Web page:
(2) What does this do for me concerning quantum covariance in LQG : in the old formalism the spacelike diffeomorphism constraints are treated very differently from the Hamiltonian constraint and clearly the technique in this paper does not apply.
    Here you *start* from a well known quantization and show that one can implement covariance (without making the metric a dynamical variable) by making use of known results. The goal of LQG is actually the reverse :-), to provide a quantization where standard techniques fail.


    Careful
     
    Last edited: Jul 19, 2006
  6. Jul 20, 2006 #5

    f-h

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    I'm not getting deep reading done, but just some comments:

    5.6 and 5.7 seem to be the precise way in which we usually construct a nonseperable HIlbertspace carrying a unoitary representation of the diffeomorphism group from cyclical functions in LQG. There is nothing "put in by hand" here as far as I can see.

    "Restriction to diffeomorphisms which map smooth spacelike embeddings to smooth spacelike embeddings = restriction to the Poincare group."

    No. This would be for flat plane to flat plane, but not for smooth surface to smooth surface. The diffeo invariance is not broken down to poincare invariance, it's avaraged out in the LQG way.

    "The goal of LQG is actually the reverse :-), to provide a quantization where standard techniques fail. "
    Yes, but that the new techniques seem to coincide with the old in a natural way when the old apply is an important check for the physical viability of this way of constructing quantum theories.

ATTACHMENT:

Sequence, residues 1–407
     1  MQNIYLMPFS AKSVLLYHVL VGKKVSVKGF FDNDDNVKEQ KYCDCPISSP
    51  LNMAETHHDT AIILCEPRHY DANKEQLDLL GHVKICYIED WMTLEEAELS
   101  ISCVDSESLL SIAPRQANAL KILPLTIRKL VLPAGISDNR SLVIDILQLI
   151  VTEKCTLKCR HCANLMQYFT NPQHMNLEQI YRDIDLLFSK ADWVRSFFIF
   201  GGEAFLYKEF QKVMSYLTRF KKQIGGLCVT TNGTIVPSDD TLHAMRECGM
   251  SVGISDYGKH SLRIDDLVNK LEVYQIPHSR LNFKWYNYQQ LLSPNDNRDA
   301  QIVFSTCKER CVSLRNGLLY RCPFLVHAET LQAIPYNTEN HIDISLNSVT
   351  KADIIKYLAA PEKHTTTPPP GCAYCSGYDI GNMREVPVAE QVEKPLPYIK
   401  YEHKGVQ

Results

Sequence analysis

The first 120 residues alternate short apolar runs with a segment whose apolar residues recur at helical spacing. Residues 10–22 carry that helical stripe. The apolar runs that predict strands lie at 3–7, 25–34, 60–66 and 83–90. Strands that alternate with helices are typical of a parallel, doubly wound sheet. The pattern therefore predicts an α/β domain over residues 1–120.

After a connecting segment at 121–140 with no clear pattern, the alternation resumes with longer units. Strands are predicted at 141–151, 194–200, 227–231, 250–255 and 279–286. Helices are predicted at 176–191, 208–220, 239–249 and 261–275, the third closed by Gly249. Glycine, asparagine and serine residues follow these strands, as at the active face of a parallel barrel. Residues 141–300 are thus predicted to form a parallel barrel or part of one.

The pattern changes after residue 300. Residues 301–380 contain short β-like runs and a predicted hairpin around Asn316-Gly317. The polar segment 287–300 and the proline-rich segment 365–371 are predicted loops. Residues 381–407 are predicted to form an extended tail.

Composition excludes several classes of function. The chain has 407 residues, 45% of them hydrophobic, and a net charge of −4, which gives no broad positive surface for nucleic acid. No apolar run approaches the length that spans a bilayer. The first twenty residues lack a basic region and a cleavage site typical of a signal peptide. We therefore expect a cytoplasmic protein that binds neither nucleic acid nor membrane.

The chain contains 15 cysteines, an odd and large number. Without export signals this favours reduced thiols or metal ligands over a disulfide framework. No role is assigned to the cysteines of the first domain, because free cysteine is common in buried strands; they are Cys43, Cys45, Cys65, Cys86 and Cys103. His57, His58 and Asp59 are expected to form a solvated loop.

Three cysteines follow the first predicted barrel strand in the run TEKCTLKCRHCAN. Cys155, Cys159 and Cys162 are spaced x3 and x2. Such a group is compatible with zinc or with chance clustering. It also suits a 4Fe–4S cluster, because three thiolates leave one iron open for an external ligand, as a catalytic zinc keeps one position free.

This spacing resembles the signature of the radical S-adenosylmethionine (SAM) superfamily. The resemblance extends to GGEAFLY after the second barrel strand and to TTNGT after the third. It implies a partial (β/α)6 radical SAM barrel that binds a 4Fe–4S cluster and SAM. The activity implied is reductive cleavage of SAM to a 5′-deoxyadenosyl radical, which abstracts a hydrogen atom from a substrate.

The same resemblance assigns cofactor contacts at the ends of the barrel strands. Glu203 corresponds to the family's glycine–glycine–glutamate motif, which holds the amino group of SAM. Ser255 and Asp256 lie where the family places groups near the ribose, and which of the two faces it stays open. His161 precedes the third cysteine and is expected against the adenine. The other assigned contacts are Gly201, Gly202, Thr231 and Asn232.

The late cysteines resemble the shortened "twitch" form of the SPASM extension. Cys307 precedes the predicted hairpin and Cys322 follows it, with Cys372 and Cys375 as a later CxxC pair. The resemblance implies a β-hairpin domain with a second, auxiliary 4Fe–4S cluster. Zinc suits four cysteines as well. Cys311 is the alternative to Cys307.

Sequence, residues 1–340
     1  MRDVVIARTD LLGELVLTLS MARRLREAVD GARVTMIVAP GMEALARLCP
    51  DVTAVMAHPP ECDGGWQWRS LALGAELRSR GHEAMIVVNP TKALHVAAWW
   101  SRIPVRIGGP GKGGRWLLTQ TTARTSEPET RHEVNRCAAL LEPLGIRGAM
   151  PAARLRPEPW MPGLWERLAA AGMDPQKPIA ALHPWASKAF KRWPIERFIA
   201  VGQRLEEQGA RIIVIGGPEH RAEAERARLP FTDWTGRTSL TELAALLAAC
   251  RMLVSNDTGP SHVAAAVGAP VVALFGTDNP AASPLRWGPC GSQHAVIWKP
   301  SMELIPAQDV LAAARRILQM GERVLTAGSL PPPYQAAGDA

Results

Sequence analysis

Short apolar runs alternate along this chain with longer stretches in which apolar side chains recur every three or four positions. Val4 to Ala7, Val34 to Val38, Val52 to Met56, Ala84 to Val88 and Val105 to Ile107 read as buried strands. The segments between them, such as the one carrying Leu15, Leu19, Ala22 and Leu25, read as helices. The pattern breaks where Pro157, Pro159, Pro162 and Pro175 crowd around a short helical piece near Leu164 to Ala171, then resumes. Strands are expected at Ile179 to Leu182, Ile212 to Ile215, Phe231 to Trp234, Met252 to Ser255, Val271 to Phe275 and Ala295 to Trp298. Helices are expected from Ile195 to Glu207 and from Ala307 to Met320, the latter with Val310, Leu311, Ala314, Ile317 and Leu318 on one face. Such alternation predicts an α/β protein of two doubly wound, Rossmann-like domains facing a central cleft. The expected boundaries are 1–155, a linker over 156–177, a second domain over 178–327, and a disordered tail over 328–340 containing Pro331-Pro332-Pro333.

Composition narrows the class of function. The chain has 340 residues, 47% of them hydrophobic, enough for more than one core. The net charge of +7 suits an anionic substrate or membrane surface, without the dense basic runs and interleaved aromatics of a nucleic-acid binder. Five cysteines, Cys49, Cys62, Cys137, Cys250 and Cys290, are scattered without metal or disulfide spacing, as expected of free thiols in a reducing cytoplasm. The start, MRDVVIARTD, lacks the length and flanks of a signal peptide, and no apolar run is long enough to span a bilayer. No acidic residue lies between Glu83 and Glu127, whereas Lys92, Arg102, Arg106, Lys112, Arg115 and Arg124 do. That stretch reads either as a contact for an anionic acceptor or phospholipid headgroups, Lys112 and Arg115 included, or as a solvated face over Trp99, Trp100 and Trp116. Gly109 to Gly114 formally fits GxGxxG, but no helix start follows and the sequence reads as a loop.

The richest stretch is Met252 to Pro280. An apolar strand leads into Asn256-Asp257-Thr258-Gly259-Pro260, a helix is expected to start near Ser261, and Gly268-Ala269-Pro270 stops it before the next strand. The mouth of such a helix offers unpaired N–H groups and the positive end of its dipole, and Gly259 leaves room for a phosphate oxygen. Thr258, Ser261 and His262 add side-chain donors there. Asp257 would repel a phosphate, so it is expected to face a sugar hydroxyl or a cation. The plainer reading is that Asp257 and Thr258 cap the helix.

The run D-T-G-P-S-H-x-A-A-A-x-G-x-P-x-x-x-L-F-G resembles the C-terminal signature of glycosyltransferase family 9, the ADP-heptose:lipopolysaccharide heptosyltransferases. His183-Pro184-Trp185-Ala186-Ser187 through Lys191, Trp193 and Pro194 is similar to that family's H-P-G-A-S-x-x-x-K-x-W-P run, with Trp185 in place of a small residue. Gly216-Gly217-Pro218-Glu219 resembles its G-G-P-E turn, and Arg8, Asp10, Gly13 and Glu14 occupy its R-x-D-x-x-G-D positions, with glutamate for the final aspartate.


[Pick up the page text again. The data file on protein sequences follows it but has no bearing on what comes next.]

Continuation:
If we want to build a new more powerfull and general way to build quantum theories which can't even construct the ones we know to work then one can very reasonably question whether this is a physically viable route at all.
    So what this paper does is ail a powerfull a priori doubt about the physical viability of these techniques.
    It happens to be a doubt that had been on my mind quite a bit recently, which is why I was very keen to dig deeper into this paper...
     
  7. Jul 20, 2006 #6
    ***
    5.6 and 5.7 seem to be the precise way in which we usually construct a nonseperable HIlbertspace carrying a unoitary representation of the diffeomorphism group from cyclical functions in LQG. There is nothing "put in by hand" here as far as I can see. ***

    What is ``put in by hand'' is the action of the diffeo's on the b operators of the matter sector - in standard quantization such action for the generators is derived (and might contain anomalous terms which do not enter here because your theory is free of course).

    **
    "Restriction to diffeomorphisms which map smooth spacelike embeddings to smooth spacelike embeddings = restriction to the Poincare group."

    No. This would be for flat plane to flat plane, but not for smooth surface to smooth surface. The diffeo invariance is not broken down to poincare invariance, it's avaraged out in the LQG way.***

    You seem to misunderstand what I wrote here. I said that the maximal group which maps *any* *spacelike* hypersurface to a *spacelike* hypersurface (they do not need to be flat planes at all) is the Poincare group (added with a dilatation and four accelerations - at least this result holds for Minkowski in 4 dimensions). Even the author says that on page 14 (I guess) where he wonders whether [tex] G(\eta) [/tex] would be bigger than the group of conformal diffeomorphisms (which is only 15 dimensional).

    ***
    "The goal of LQG is actually the reverse :-), to provide a quantization where standard techniques fail. "
    Yes, but that the new techniques seem to coincide with the old in a natural way when the old apply is an important check for the physical viability of this way of constructing quantum theories. ***